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Opinion

Malaysia's Mahathir gambled with his job and lost

New ruling coalition likely to steer country toward firmer Islamic law

Muhyiddin Yassin leaves his house to meet the king on Feb. 29: the new government will be overtly pro-Malay and pro-Islam.   © AP

On Sunday, Muhyiddin Yassin was sworn in as Malaysia's eighth prime minister after a week of high political drama. His predecessor, Mahathir Mohamad, had resigned a few days before but was maneuvering to keep his job with a new parliamentary coalition, while Mahathir's party rival Anwar Ibrahim also wanted the top spot.

What surprised many was that none of the three was able to show the Malaysian King a clear majority among the country's 222 Member of Parliaments but he evidently felt Muhyiddin would be able to assemble it when parliament reconvened.

Last week's events were based on a gigantic gamble by Mahathir, an ultimately unsuccessful one. Now we need to consider why he lost, what the new prime minister will do and what this all means for Malaysia.

Mahathir has no one but himself to blame for his loss. By resigning and sparking what he hoped would be a formality before his reappointment, he created a vacancy where none had existed and put the position into play.

Moreover, he gave up his structural advantage. Many people outside Malaysia do not understand that the office of the prime minister there is nothing like in the U.K., despite Malaysia largely adopting the Westminster system of government.

The Malaysian prime minister is more akin to a medieval king with absolute power, granting citizenship, for example, and deep pockets for patronage. If Mahathir had not resigned, the office would have given him a distinct advantage against any potential challengers.

Mahathir Mohamad speaks during a press conference after Muhyiddin Yassin was appointed as new prime minister on Mar. 1: if Mahathir had not resigned, the office of the prime minister would have given him a distinct advantage against any potential challengers.   © AP

To some extent, the reasoning behind his fall will always be hidden. The Malaysian King cannot act alone: his position rotates between nine sultans, the Malay rulers, every five years, and although they are supposed to be above politics, in reality they have strong political opinions and can intervene behind the scenes.

With Muhyiddin as prime minister, what can we expect? First, I believe the new government will be overtly pro-Malay and pro-Islam, who make up almost 60% of the population, rather than for the Chinese and Indians, who are 30%. Malays already benefit from an extensive system of economic and other privileges.

In the three core parties of the new governing Perikatan Nasional (National Alliance) coalition -- United Malays National Organization, Parti Islam Malaysia and Malaysian United Indigenous Party -- there is not a single non-Muslim MP. There are some in the coalition's minor parties.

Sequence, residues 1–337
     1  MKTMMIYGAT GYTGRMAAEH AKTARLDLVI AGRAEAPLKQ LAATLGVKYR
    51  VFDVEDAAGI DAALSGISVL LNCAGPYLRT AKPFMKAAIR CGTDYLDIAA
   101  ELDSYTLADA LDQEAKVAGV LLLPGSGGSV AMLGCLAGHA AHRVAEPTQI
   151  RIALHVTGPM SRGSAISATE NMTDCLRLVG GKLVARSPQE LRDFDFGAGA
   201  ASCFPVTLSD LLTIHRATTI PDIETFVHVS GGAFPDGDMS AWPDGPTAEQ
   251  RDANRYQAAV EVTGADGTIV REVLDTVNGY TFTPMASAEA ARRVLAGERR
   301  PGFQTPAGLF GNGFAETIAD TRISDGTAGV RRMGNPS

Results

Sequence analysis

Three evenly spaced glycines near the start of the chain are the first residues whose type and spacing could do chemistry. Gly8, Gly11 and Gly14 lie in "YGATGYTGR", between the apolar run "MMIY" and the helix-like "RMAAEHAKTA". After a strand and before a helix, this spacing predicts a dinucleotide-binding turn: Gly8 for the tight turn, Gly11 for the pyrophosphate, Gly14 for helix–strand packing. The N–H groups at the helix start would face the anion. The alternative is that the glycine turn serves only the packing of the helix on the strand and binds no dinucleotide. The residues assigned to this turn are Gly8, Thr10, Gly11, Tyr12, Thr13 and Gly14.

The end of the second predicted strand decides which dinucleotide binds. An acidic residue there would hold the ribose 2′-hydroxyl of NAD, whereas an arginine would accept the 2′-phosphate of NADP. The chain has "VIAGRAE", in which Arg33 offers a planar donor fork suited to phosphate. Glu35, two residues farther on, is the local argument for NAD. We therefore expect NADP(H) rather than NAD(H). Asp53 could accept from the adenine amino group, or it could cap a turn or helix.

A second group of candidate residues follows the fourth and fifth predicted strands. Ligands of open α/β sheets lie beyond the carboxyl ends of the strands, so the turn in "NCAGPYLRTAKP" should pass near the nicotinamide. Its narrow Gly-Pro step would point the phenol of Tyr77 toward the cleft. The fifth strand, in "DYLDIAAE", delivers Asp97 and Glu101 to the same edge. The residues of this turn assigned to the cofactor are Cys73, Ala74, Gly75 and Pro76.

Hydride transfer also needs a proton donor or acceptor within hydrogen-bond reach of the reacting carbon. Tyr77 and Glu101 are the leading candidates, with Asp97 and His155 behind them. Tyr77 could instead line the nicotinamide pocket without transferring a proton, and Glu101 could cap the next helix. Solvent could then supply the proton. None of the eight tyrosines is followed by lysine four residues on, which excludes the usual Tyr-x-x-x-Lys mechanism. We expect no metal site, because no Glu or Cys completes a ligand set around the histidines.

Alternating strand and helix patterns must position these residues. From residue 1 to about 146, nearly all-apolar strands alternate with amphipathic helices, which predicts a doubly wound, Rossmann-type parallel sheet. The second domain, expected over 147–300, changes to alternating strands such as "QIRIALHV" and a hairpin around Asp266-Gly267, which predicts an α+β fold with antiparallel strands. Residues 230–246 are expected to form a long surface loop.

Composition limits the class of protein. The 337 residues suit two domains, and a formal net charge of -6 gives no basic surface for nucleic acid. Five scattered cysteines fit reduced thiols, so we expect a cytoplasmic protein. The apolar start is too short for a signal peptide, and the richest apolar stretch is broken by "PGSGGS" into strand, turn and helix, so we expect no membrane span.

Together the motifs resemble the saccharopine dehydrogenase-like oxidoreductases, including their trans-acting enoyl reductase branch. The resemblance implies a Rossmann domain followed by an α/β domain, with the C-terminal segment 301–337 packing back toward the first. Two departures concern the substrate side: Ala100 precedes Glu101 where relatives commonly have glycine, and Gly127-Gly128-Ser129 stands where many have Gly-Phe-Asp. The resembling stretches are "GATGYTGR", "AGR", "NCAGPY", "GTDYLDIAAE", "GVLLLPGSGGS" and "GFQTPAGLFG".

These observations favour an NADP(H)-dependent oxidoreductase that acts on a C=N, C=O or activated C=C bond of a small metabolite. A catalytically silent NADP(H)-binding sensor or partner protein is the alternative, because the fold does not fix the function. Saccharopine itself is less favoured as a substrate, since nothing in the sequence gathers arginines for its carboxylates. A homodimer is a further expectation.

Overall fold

The common theme for the three parties is that they believe in Ketuanan Melayu (Malay supremacy), and Parti Islam Malaysia, or PAS, also believes in Islamic supremacy and turning Malaysia into an Islamic state.

Contrast this with Pakatan Harapan (Alliance of Hope), led by Mahathir and Anwar. More than half of the MPs from this coalition are non-Malays. While this is a strength in multiracial Malaysia, it is also a weakness among the Malay majority. Many in that community refused to support Pakatan Harapan precisely because it was multiracial and had significant non-Malay representation.

PAS's idea of turning Malaysia into an Islamic state is my first concern with the new government. It has introduced hudud (Islamic law) at the state level in Kelantan and Terengganu but cannot enforce it because it conflicts with Malaysia's federal constitution, the supreme law of the land.

Now that PAS is one of the troika in power, will it push the administration to amend the constitution? There is already talk that PAS will get the government to change the law to indirectly allow for the implementation of hudud.

I expect that PAS will insert Islam into every facet of public policy. While this is nothing new in Malaysia, PAS's version of Islam is markedly different from the previous regime's, much more conservative and based on compulsion.

This version is becoming more popular in Malaysia as years of official indoctrination have created a generation of Malays who are receptive to the idea that Malaysia can be a model Islamic state with Malay characteristics. Since there are so few non-Muslims in the ruling coalition, it is much easier for PAS to push for a stronger Islamic presence from now on.

My second concern is that UMNO offered its support to Muhyiddin on condition that he would halt the corruption charges against party leaders from its previous spell in government. Top of the list is UMNO President Zahid Hamidi, who has been charged with 47 counts of money laundering and corruption, all of which he has denied. Najib Razak, the former prime minister, is facing two separate trials for corruption, which he also denies.

While it is not possible to halt ongoing trials, there is every chance that any verdict can be reversed through the appeal courts.

On top of this, many ordinary Malaysians are worried that upcoming trials relating to the 1Malaysia Development Berhad scandals, during which billions were allegedly looted from state funds, may not proceed at all if a new attorney general decides against them.

If the transformation of Malaysia into an ethnically Malay-dominated state with a strong tilt to Islamic tenets seems far-fetched, consider nearby Brunei: it became a fully-fledged Malay Islamic state, complete with strict Sharia law, in 2014.

James Chin is Professor of Asian Studies, University of Tasmania.

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